Our primary teeth, sometimes called baby teeth or milk teeth, are usually gone by 12 years of age. Our permanent or "adult" teeth are meant to last for the rest of our lives. Unfortunately, as a result of dental caries, periodontal disease, or trauma, some teeth don't last as long as the adult to whom they are attached!
Replacing lost teeth with bridges, dentures, or implants is expensive and time-consuming, and, despite incredible dental materials and cosmetic advances in recent years, results may not be as good as nature's own. If only we had a third chance ...
Two reports in the July issue of the Journal of Dental Research highlight exciting advances in moving toward the tissue engineering of teeth. At The Forsyth Institute (Boston, Mass.), Pamela Yelick and colleagues have seeded cultured rat tooth germ cells on biodegradable scaffolds which were then implanted to bioengineer tooth tissues, while in London (UK), Paul Sharpe's group has been able to generate mouse tooth structures from non-dental mesenchymal stem cells placed in contact with embryonic oral epithelium. (Mesenchymal cells are uncommitted cells that can later develop into connective tissue, blood vessels, or lymphatic tissue.)
The latter report is pivotal in that it demonstrates that mesenchymal stem cells, in association with oral epithelium, can be instructed to mimic developmental events leading to growth of a tooth structure comprised of enamel, dentin, and pulp, with a morphology resembling that of a natural tooth. These observations offer very exciting opportunities for replacement of natural teeth damaged through disease or trauma. In addition, there may be applications in some rare genetic diseases, like ectodermal dysplasia, that result in congenitally missing teeth ("hypodontia"). There are obvious practical obstacles still to be overcome before this might be available as a routine clinical treatment, but it provides an elegant example of the translation of basic science research to the clinical arena.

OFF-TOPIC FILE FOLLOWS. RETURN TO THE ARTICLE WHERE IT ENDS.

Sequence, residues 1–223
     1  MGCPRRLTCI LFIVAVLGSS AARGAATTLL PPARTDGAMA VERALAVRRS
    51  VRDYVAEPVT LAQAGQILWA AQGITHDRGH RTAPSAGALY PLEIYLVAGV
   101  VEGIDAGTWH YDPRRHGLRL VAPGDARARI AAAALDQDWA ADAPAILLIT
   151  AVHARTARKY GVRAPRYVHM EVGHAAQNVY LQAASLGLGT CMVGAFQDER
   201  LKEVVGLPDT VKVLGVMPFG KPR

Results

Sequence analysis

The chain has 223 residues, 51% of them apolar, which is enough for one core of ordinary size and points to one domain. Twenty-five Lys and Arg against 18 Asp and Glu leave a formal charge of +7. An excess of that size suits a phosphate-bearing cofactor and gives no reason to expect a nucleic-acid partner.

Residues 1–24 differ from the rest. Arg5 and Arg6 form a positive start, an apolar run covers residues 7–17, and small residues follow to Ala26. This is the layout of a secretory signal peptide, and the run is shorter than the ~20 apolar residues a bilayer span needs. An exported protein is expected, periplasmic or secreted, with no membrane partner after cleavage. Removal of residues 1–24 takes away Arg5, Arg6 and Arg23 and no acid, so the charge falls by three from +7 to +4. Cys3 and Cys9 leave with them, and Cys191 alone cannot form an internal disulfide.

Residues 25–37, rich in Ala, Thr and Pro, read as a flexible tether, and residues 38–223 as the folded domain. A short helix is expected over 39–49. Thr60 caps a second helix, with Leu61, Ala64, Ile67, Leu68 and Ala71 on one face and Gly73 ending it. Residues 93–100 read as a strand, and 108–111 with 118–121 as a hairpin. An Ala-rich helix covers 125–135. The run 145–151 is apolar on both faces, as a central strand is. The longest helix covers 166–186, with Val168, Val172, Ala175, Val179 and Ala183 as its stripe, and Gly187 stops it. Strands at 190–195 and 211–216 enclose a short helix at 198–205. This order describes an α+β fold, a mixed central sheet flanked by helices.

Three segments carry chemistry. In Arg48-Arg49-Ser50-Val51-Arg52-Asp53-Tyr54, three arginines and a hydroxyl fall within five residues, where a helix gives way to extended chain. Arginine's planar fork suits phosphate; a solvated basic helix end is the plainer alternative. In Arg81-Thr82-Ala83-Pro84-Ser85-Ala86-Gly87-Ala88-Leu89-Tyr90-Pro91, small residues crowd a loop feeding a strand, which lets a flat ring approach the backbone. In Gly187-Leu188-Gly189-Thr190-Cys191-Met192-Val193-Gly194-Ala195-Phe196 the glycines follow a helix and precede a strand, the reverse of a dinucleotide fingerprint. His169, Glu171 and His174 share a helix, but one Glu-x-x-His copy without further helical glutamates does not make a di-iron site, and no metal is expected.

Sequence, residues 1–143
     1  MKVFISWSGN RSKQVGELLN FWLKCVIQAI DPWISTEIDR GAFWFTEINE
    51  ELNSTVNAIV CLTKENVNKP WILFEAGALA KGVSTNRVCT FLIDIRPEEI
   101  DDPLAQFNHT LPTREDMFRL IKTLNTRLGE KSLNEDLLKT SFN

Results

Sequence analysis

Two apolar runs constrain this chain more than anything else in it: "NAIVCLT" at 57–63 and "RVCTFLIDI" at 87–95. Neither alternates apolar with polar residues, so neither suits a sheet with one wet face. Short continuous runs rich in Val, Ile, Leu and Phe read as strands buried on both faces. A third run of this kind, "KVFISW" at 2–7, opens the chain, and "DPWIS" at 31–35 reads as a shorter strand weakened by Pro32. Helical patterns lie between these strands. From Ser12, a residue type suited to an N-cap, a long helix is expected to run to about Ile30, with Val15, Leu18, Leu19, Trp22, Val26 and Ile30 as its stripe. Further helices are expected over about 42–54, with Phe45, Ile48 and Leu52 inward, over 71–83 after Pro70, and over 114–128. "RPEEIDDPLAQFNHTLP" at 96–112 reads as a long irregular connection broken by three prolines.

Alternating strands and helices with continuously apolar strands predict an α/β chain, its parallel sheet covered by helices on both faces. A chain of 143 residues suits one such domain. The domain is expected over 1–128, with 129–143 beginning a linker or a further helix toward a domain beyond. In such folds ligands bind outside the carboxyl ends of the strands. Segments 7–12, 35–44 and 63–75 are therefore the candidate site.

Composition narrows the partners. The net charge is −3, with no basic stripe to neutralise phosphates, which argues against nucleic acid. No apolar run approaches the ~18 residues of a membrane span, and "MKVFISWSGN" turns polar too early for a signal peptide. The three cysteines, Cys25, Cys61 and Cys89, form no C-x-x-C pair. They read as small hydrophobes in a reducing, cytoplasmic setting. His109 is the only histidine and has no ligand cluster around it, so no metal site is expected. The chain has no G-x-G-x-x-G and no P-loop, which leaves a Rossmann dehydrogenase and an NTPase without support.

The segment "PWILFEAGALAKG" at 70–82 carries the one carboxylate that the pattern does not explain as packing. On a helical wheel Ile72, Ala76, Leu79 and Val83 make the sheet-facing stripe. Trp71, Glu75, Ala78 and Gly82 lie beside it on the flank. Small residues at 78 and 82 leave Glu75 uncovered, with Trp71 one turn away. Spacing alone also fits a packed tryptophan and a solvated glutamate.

There are also significant opportunities in the shorter term to exploit this knowledge for the development of novel regenerative therapies which seek to restore tooth structure lost due to dental caries. Rather than a traditional amalgam or composite "filling," the new tissue would become an integral part of the tooth, thus avoiding many of the problems of failure associated with more traditional fillings.
Clearly, the future for regenerative and tissue-engineering applications to dentistry is one with immense potential, capable of bringing quantum advances for the benefit of patients. The need for high-quality research in the basic sciences is paramount to ensuring the development of these novel clinical treatment modalities. This research illustrates how dentistry is evolving and highlights the need for close partnerships between basic and clinical scientists.
The Journal of Dental Research (est. 1919) is the most-cited dental journal in the world and is the flagship publication of the International Association for Dental Research, established in 1920 to promote research in all aspects of oral and related sciences, to encourage development of improved methods for prevention and treatment of oral and dental diseases, and to facilitate cooperation among investigators and communication of research findings and their implications throughout the world. The IADR, a non-profit organization, has over 11,000 active individual members and over 100 institutional members worldwide.